MIT programmed an industrial robot to self-correct when a human detects a mistake in its process. The robot is connected to a human user via an EEG cap that is put on the user’s head and it can transmit signals that the robot can understand and act accordingly.
MIT posted a video in which an industrial robot from Rethink where it had to pick up spray paints and spools of wire and drop them in the properly labeled container. At a certain point, the robot hesitated briefly and almost dropped an object in the wrong container, but it adjusted in the last moment and made the right choice.
The robot was able to make the correction due to its connection to an EEG cap worn by a human user. This cap records signals by using 48 sensors. It is hard to detect all signals at once, but one signal is enough. The users only need to notice than something is wrong, then the sensor record this signal and send it to the robot.
This signal is simply known as error potential, which is emitted in the brain when someone notices something wrong. It is easy for the machine to record it, since it is strong and sudden. The technology behind the machine is different from what it has been used until today, since it involves the robot trying to understand the human language rather than the human trying to understand the robot language.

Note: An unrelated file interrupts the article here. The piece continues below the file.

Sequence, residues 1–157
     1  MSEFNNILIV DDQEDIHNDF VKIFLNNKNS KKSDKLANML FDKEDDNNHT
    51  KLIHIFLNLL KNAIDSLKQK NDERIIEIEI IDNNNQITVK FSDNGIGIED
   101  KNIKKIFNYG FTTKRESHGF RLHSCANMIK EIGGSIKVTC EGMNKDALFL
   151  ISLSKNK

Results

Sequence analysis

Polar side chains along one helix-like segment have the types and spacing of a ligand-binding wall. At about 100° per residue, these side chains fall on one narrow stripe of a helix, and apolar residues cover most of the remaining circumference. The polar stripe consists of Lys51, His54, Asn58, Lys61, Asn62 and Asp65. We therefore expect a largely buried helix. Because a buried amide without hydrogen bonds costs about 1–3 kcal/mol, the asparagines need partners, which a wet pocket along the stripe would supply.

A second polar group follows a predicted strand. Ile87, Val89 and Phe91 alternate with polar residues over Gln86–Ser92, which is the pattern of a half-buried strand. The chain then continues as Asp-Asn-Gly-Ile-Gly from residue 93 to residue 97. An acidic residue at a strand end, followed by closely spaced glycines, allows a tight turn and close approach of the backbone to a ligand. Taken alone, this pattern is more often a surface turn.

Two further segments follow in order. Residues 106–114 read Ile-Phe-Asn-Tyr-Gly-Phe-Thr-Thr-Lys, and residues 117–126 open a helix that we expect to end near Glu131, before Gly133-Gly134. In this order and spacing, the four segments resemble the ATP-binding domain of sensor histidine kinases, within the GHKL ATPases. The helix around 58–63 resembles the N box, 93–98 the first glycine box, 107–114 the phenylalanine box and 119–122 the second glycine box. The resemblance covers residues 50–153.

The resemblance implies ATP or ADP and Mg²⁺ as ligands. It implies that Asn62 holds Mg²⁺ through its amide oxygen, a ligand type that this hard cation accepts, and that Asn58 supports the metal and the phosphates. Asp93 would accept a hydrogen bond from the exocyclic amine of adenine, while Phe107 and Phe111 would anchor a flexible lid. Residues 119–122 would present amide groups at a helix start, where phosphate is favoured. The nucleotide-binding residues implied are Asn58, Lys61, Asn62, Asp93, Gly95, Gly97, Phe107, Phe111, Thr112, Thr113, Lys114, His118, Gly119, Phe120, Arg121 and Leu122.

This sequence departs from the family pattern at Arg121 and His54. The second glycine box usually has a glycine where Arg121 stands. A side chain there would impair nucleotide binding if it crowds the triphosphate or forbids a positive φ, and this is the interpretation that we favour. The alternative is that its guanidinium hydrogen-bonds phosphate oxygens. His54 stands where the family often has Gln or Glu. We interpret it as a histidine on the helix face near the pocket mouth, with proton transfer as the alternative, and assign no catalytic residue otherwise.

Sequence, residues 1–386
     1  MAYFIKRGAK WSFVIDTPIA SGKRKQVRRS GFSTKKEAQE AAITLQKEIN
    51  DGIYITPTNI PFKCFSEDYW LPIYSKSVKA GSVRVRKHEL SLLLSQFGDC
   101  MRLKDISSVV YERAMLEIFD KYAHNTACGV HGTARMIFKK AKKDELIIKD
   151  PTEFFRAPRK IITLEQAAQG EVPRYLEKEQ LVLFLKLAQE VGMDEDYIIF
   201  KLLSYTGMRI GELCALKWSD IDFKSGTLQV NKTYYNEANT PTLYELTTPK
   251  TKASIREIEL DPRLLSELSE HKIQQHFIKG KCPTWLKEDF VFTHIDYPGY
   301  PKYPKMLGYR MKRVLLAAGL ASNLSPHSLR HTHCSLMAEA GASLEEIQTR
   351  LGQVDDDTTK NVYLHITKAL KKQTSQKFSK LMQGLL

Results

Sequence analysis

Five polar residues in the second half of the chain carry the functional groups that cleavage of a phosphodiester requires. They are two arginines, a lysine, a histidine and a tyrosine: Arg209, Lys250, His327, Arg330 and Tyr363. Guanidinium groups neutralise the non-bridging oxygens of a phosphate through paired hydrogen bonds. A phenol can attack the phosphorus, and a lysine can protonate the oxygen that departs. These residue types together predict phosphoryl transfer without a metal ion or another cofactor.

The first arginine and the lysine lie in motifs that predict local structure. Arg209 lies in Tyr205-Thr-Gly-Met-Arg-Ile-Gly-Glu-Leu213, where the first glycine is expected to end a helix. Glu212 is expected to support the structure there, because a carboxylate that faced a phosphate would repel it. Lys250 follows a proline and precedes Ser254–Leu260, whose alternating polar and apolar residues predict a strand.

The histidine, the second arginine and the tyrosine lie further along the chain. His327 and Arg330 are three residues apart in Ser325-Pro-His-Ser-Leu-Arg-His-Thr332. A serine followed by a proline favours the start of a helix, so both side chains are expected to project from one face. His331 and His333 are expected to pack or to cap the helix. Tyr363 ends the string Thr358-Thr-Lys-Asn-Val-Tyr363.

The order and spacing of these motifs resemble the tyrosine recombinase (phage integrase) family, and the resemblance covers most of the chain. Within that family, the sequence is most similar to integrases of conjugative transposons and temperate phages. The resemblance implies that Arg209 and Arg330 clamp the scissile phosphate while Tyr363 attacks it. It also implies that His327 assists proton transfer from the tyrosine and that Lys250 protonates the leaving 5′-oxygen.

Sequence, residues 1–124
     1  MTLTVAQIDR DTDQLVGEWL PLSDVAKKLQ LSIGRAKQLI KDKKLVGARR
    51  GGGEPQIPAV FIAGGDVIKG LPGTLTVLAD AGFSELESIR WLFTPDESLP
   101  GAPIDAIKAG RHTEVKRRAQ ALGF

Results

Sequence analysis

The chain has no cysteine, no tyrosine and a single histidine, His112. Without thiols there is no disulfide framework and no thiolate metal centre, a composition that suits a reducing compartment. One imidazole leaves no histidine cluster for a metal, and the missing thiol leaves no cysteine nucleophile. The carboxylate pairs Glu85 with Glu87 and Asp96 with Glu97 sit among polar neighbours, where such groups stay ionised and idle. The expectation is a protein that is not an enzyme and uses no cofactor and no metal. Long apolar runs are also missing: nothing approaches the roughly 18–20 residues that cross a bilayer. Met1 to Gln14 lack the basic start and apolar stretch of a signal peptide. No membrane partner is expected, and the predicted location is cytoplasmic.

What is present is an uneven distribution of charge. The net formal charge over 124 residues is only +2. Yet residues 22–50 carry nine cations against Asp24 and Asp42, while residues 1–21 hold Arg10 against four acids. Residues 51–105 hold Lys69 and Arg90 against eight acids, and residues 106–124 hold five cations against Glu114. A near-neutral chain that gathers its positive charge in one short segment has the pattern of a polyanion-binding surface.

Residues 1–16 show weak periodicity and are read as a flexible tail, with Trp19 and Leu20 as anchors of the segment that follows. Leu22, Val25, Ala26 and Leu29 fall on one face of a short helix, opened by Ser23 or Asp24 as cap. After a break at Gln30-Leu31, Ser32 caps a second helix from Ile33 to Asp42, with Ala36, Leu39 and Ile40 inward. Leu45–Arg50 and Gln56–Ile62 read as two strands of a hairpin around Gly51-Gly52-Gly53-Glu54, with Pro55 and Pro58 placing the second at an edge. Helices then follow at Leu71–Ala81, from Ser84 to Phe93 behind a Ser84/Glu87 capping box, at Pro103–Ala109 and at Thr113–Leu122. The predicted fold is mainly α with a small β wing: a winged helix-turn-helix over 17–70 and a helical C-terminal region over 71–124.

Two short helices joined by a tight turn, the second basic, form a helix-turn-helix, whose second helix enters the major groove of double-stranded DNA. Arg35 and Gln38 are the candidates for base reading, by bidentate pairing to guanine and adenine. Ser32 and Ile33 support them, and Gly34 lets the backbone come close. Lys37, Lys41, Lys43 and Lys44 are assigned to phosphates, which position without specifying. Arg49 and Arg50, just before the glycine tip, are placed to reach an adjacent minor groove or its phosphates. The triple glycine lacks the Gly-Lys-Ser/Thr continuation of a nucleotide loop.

Thus, the video involves a robot performing a task under human supervision and the human can intervene without having to type any code correction or hit any button.
The MIT scientists said that they wanted to make a way of communication between humans and robots. If a robot can read EG signals from a human brain used as a control system, this will impact the robot’s choices. Whether a robot makes the right choice or not will impact the human’s reaction.
The scientists have many ideas on how they can improve this technology. They are planning to optimize it for more complex tasks that involve more than a binary operation and might boost learning in robots.
Also, they want to apply this technology for those people who have difficulties in speaking or a language impairment, or in other technologies that use autonomous robots but require human supervision to avoid accidents, such as self-driving cars or robots working in a factory.
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